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The gold price rallied 2.4% higher last week, pushing the yellow metal back above the $1,300 level for the first time since Sept. 26.
That strong gain was likely a relief rally, which gold prices were due for.
From Sept. 12 to Oct. 5, gold declined 5.8% to a two-month low of $1,273. This decline was largely due to the surging U.S. Dollar Index (DXY), which measures the dollar against other prominent currencies like the euro and the Swiss franc. The DXY climbed from 91.88 to 93.96 over that same time period.
But the overbought dollar fell back in the wake of last week's Federal Reserve minutes release from the September FOMC meeting. Despite the CME FedWatch Tool showing a 91.7% probability of a December rate hike, the minutes showed Fed officials talking about a patient approach to raising interest rates, indicating an expected year-end rate hike may not happen after all. The DXY – which often rises on the possibility of rate hikes – fell from 93.80 to 93.06 last week in response.
The bottom line is the Fed remains perplexed over persistently low inflation, putting a December rate hike into doubt. That means a weaker dollar and stronger gold prices, since the two usually move inverse to one another.
I still think that a gold price of $1,300 will prove to be a challenging level. I expect gold to hover near that level, but even if it steadies above it, I don't think it'll move much higher for a few more weeks.
However, we still have more than two months before 2018, and I think that will be plenty of time for the price of gold to run much higher.
Before I show you just how bullish I am on gold this year, here's a closer look at last week's big 2.4% rally…
Gold Price Climbs 2.4% Last Week (Oct. 6-13)
After settling at $1,275 on Friday, Oct. 6, gold prices started the new week higher by opening at $1,283 on Monday, Oct. 9. After moving sideways all morning, it steadied higher to $1,285 by the end of the day. That marked a gain of 0.8% from the Oct. 6 settlement.
The price of gold maintained momentum on Tuesday, starting the session at $1,292. This came as the DXY weakened from 93.50 to 93.25 over the course of the day. Gold eventually settled 0.7% higher, at $1,294.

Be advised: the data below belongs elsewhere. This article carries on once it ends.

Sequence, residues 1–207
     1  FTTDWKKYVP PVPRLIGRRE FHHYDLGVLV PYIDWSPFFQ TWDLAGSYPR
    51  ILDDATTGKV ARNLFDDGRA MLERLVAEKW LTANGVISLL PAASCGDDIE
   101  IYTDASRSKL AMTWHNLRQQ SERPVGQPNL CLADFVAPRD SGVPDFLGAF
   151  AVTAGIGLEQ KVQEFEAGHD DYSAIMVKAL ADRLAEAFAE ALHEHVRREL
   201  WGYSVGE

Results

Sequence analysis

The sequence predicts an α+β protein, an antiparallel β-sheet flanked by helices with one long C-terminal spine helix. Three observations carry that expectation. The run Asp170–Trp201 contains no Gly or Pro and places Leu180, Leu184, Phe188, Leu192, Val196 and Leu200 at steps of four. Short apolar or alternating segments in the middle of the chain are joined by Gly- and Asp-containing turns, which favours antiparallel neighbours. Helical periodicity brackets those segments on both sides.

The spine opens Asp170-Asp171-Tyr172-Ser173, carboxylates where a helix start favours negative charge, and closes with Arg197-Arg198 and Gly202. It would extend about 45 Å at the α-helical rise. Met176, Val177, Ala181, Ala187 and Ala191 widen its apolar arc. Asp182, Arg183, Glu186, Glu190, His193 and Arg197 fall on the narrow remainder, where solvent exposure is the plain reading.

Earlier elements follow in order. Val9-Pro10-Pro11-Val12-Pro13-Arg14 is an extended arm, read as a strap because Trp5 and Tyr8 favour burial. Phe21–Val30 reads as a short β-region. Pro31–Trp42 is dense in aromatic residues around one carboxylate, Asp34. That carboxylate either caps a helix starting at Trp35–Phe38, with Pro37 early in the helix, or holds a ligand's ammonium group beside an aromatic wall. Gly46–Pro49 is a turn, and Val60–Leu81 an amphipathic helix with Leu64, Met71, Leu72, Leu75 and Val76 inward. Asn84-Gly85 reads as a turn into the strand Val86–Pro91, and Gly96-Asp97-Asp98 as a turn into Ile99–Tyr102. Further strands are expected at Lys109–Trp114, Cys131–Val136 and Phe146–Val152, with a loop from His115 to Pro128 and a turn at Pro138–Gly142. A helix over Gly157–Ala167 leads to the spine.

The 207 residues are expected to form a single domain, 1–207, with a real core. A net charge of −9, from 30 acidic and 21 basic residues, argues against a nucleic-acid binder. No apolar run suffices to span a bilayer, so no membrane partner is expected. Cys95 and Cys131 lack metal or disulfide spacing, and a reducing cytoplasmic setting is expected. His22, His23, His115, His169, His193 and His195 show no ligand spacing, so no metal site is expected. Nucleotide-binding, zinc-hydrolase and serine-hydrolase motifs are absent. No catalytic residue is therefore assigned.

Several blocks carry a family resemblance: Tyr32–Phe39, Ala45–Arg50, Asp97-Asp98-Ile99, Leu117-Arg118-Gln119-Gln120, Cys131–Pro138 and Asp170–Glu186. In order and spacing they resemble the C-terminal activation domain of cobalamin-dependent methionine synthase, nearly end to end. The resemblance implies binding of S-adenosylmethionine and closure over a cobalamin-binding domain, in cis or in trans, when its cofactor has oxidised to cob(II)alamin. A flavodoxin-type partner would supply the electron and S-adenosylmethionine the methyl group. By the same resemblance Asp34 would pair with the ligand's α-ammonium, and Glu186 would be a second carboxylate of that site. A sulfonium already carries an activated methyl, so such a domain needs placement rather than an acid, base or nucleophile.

Here's a look at how the DXY trended last week…
Wednesday saw gold open at $1,290 even, followed by a sell-off to $1,285 by 2 p.m., when the Fed minutes were released. The disagreement among Fed officials on how quickly and aggressively they should raise rates initially lowered both the dollar and gold. The DXY dropped from 93.29 to 93.02 on the day, while the gold price declined 0.4% to $1,289.
On Thursday, Oct. 12, gold opened higher at $1,295 despite a small wave of dollar buying. The DXY rose toward 93.25, which temporarily dragged gold prices lower. The metal still posted a gain, closing at $1,297 for a 0.6% rise for the day.
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But the dollar saw a plunge from 93.25 to around 92.70 Friday on the heels of weaker-than-expected economic data. The U.S. Consumer Price Index grew 0.1% in September – below the 0.2% forecast – while retail sales were only up 1.6% – below the 1.7% forecast.
The dollar's decline pushed gold higher throughout the session. It closed the day 0.6% higher, at $1,305 – the highest since Sept. 26. With that, the price of gold posted a weekly gain of 2.4%.
And the gold price today (Monday, Oct. 16) continues to hover near that two-and-a-half-week high. It's currently up 0.2% and trading at $1,307.
Despite last week's rebound, I remain skeptical that gold will keep rallying in the short term. It could likely head back lower through the rest of the fall season.
But that doesn't mean it won't head back higher through the winter, which is why I'm going to share with you my price targets for the end of 2017…
My Gold Price Prediction for the Rest of 2017
About the Author
Peter Krauth is the Resource Specialist for Money Map Press and has contributed some of the most popular and highly regarded investing articles on Money Morning. Peter is headquartered in resource-rich Canada, but he travels around the world to dig up the very best profit opportunity, whether it's in gold, silver, oil, coal, or even potash.